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Tempests, Poxes, Predators, and People – Stress in Wild Animals and How They Cope - Oxford Scholarship Online
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Tempests, Poxes, Predators, and People: Stress in Wild Animals and How They Cope

L.Michael Romero and John C. Wingfield


The concept of stress, both in biology and in medicine, has captivated scientists for over a century. It has been established that stress can be detrimental and can lead to disease, but the responses to stress can also be beneficial under certain conditions. Although scientists have discovered many fundamental physiological and behavioral mechanisms that comprise the stress response, most of current knowledge is based on laboratory experiments using domesticated or captive animals. Much of this knowledge has proven useful, and often medically relevant. Scientists are only beginning, however, t ... More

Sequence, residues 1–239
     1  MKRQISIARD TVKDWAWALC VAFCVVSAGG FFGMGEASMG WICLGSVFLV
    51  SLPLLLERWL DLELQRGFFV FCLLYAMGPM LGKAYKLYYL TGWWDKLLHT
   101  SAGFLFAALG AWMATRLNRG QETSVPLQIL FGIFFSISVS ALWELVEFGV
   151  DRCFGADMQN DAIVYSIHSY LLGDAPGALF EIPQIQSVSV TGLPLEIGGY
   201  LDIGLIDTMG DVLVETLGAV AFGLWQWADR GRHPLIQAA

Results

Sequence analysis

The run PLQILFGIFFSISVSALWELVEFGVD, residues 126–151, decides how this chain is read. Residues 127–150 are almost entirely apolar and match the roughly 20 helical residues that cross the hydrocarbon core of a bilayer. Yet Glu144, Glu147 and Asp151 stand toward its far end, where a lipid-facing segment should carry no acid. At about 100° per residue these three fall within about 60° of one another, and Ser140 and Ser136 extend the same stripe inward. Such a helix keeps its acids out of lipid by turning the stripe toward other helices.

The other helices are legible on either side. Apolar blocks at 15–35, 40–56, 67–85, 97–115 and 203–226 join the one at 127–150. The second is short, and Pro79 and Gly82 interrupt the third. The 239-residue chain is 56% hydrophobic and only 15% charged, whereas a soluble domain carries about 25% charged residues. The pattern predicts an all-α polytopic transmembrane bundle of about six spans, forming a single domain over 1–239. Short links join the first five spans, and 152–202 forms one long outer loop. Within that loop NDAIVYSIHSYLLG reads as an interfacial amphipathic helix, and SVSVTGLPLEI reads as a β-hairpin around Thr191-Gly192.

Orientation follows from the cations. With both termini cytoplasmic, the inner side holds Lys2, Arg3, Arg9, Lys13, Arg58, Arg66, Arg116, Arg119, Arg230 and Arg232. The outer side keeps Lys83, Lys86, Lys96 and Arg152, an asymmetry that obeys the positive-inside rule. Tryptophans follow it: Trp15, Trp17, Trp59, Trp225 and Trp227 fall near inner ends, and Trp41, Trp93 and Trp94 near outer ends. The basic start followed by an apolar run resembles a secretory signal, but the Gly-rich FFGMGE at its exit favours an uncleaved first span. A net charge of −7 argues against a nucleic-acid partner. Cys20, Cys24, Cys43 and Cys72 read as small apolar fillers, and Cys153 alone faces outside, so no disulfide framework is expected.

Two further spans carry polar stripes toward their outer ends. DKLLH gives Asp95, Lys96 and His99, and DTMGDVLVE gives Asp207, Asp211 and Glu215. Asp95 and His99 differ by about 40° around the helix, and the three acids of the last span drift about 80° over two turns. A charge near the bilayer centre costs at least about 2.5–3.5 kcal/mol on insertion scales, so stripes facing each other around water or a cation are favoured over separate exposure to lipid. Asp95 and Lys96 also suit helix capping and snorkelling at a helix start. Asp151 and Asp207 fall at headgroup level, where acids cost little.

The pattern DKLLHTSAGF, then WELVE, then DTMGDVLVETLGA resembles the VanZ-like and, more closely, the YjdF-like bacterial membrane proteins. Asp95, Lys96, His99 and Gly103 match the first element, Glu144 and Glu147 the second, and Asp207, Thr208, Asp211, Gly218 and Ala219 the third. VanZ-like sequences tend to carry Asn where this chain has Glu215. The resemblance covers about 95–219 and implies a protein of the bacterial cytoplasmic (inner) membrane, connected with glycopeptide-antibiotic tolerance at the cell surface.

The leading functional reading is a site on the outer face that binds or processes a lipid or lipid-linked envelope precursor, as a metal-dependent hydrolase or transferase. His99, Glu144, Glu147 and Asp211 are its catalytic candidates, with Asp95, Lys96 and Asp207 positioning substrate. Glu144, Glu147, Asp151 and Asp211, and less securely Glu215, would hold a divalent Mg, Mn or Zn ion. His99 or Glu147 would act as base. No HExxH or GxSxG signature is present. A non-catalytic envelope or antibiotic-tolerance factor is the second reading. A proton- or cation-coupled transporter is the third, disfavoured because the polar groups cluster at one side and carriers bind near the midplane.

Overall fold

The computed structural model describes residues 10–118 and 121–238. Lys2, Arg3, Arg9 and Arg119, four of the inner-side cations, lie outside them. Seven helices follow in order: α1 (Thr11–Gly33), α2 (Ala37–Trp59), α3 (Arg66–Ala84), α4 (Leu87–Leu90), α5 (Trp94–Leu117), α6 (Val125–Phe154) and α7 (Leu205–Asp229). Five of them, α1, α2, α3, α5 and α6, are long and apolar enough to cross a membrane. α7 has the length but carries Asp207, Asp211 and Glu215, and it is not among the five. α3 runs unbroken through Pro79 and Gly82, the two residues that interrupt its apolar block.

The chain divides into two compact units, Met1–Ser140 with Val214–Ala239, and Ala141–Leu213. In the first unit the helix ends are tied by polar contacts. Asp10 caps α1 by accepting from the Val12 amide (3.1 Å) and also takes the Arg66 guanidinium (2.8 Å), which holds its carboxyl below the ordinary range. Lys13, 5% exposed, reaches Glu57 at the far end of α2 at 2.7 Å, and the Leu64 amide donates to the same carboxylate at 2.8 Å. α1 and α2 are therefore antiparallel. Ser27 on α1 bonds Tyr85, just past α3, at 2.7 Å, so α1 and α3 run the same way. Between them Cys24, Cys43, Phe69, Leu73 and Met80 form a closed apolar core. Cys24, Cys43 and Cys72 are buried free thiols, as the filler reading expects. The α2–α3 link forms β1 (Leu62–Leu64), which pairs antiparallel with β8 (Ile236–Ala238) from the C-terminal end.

Keywords: stress, biology, medicine, Anthropocene, environment, conservation, habitat

Bibliographic Information

Print publication date: 2015 Print ISBN-13: 9780195366693
Published to Oxford Scholarship Online: December 2015 DOI:10.1093/acprof:oso/9780195366693.001.0001


Affiliations are at time of print publication.

L.Michael Romero, author
Professor of Biology, Tufts University

John C. Wingfield, author
Distinguished Professor of Neurobiology, Physiology, and Behavior and Endowed Chair in Physiology, University of California, Davis